• "...most colleges have not been as connected to the solutions as they could be, which is not surprising considering that a majority of campus administrators have been shown to lack an adequate understanding of sustainability. On the curricular side, campus environmental roles historically have been to train technicians in the maintenance of the status quo and to appease well-intentioned environmentalists with activities that fall short of what is needed. On the management side, their roles largely have been to comply with regulations. Of course, we need technicians to fix and improve existing systems and we should comply with regulations, but it is also important to challenge and move beyond conventional thought and practices. True progress does not come about without challenging the orthodoxy and exploring the options. Such advice routinely rings from campus halls everywhere. It is past time to add substance to the rhetoric." (pp. 228-229)

Kermath, Brian. 1997 [2013]. "Frequently Asked Questions about Native and Exotic Plant Species and Sustainable Native Landscaping." Unpublished.

Lee, Anne H. and Geoffrey Wall. 2014. "Food clusters, rural development and a creative economy." The Journal of Rural and Community Development 9(4):1-22. [earlier working paper version (PDF)

Lee, Anne H., Geoffrey Wall, and Jason F. Kovaks. 2015. "Creative food clusters and rural development through place branding:Culinary tourism initiatives in Stratford and Muskoka, Ontario, Canada." Journal of Rural Studies 39:133-144. [abstract] [related paper by Lee and Wall (PDF)]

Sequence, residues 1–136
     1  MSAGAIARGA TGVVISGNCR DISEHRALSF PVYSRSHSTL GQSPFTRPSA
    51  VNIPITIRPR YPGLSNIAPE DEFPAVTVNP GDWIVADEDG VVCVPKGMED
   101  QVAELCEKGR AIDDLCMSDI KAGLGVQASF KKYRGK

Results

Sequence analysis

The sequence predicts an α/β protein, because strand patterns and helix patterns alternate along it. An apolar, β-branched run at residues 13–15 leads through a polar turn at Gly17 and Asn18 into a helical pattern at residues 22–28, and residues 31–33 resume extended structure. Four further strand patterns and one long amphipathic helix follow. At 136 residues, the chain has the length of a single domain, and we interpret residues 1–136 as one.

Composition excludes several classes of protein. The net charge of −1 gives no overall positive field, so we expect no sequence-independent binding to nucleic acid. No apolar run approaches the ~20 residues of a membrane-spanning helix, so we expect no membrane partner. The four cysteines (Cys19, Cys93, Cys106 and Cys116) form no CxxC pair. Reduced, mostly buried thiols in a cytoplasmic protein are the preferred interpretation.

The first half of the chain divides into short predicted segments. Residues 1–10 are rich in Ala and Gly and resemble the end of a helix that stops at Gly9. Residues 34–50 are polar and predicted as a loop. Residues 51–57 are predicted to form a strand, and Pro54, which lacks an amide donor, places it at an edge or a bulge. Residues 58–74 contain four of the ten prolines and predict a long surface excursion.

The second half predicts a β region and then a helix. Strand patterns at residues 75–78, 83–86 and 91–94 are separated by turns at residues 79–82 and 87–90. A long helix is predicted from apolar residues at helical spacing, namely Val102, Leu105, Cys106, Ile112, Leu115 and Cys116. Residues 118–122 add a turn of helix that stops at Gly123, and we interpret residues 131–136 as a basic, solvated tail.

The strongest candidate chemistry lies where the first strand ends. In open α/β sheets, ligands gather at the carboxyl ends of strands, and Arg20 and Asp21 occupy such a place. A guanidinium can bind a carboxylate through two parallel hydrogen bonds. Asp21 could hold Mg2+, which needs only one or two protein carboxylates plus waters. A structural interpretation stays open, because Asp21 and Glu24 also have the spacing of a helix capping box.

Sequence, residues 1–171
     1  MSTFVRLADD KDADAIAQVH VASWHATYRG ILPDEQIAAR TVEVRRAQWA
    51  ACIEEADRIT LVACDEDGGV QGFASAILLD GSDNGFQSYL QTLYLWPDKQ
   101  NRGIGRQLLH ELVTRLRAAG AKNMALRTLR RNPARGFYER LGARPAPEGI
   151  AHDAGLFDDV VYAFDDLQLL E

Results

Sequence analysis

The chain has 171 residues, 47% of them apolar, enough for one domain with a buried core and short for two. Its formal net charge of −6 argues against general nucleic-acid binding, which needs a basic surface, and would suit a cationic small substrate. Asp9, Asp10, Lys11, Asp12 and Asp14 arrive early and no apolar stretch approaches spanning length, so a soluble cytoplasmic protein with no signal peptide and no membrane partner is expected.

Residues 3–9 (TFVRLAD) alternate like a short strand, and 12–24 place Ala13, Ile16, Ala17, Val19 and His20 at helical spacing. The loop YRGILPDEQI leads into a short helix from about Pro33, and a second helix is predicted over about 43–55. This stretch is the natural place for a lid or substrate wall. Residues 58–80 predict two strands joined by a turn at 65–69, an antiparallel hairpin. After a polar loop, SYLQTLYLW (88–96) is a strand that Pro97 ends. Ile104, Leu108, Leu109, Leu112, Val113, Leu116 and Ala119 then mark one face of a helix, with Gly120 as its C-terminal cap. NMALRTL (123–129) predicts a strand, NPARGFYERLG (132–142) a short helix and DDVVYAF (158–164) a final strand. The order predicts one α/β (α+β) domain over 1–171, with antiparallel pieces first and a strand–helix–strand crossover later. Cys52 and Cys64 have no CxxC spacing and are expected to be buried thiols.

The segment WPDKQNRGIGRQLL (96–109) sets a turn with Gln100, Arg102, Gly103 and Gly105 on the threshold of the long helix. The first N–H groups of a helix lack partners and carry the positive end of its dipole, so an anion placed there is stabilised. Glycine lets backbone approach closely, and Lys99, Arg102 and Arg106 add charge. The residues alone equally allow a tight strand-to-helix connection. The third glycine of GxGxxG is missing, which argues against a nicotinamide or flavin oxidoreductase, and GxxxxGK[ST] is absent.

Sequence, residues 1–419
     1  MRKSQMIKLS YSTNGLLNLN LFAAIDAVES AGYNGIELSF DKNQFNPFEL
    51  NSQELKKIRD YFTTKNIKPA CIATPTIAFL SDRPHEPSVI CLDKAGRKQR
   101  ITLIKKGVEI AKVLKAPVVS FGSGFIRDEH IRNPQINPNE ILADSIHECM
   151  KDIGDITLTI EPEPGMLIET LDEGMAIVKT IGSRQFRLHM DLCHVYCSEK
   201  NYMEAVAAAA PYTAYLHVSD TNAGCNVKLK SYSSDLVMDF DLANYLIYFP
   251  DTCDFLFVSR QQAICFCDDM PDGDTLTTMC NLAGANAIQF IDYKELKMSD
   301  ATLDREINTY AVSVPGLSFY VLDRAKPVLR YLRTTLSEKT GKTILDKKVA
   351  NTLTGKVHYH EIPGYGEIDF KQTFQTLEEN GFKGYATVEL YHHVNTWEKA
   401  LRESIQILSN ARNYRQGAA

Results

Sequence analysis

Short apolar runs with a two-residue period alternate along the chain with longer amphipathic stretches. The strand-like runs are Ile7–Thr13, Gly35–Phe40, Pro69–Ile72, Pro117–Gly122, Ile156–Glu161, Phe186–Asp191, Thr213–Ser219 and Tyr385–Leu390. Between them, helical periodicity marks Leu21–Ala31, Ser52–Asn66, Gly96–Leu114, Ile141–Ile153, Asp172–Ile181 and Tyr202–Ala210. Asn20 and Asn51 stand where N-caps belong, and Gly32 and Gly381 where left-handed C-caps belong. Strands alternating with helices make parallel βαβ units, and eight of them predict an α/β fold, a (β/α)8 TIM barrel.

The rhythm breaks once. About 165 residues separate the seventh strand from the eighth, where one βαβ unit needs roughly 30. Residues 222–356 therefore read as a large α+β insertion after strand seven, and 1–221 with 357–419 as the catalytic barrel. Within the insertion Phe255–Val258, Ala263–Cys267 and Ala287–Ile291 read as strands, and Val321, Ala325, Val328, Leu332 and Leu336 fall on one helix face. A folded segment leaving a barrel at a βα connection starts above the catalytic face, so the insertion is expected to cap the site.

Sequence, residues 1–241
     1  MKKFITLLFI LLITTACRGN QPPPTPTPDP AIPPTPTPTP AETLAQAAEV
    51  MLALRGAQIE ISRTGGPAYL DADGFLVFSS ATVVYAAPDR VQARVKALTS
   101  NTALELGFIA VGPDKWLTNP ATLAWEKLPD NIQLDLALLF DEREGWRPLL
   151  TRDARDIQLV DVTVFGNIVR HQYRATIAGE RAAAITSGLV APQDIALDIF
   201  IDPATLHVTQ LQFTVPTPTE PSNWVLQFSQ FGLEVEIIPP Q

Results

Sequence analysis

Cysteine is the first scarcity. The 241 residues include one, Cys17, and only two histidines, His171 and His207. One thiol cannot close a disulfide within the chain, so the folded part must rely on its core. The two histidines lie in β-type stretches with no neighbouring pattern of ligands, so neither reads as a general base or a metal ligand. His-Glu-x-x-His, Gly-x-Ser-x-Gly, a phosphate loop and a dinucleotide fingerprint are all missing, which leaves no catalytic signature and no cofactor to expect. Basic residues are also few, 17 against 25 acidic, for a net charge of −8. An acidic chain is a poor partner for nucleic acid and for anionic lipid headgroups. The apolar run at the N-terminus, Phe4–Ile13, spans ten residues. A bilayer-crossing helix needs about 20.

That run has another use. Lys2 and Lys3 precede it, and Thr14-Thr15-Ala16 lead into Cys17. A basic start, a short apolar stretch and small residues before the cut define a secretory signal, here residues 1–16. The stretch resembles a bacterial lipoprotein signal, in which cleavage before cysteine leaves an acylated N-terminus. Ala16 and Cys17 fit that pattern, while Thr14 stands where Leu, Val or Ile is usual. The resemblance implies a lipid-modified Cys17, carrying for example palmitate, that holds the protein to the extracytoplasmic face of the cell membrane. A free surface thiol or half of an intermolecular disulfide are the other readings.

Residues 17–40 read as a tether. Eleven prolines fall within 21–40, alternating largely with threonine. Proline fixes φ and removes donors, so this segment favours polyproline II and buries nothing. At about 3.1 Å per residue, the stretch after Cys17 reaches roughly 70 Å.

Leopold, Aldo (Edited by J. Baird Callicott and Eric T. Freyfogle). 1999. For the Health of the Land: Previously Unpublished Essays and other Writings. Island Press, Washington, D.C. 

Manning, Adrian D., David B. Lindenmayer, and H.A. Nix. 2004. "Continua and Umwelt: Novel Perspectives on Viewing Landscapes." Oikos 104(3):621-628. [PDF]

Nabhan, Gary Paul and Stephen Trimble. 1994. The Geography of Childhood: Why Children Need Wild Places. Beacon Press, Boston. [overview]

Nabhan, Gary Paul. 1997. Cultures of Habitat: On Nature, Culture, and Story. Counterpoint Press, Washington D.C.

Odum, Eugene P. and H.T. Odum. 1972. "Natural Areas as Necessary Components of Man's Total Environment." Transactions of the North American Wildlife and Natural Resources Conference 37:178-189.

Shepard, Paul. 1967. Man in the Landscape: A Historic View of the Esthetics of Nature. Random House, New York.

Tengberg, Anna, Susanne Fredholm, Ingegard Eliasson, Igor Knez, Katarina Saltzman, and  Ola Wetterberg. 2012. "Cultural ecosystem services provided by landscapes: Assessment of heritage values and identity." Ecosystem Services 2:14-26. 

Thayer, Jr. Robert L. n.d. "Bibliography (Bioregionalism): The Putah-Cache Bioregion Project. The Bioregional Hypothesis and LifePlace." University of California Davis, Davis.

Thoreau, Henry David. 1854. Walden: On Life in the Woods. Ticknor & Fields, Boston.

Tuan, Yi-Fu. 1974. Topophilia: A Study of Environmental Perception, Attitudes, and Values. Prentice-Hall, Englewood Cliffs, New Jersey.

USEPA. 2002. Community Culture and the Environment: A Guide to Understanding a Sense of Place. Report #842-B-01-003, United States Environmental Protection Aency, Washington, D.C. [PDF

Williams, Daniel R., and Susan I. Stewart. 1998. "Sense of place: An elusive concept that is finding a home in ecosystem management." Journal of forestry 96.5: 18-23. [PDF]

Young, Terence. 2000. "Belonging not Containing: The Vision of Bioregionalism." Landscape Journal 19(1):46-49.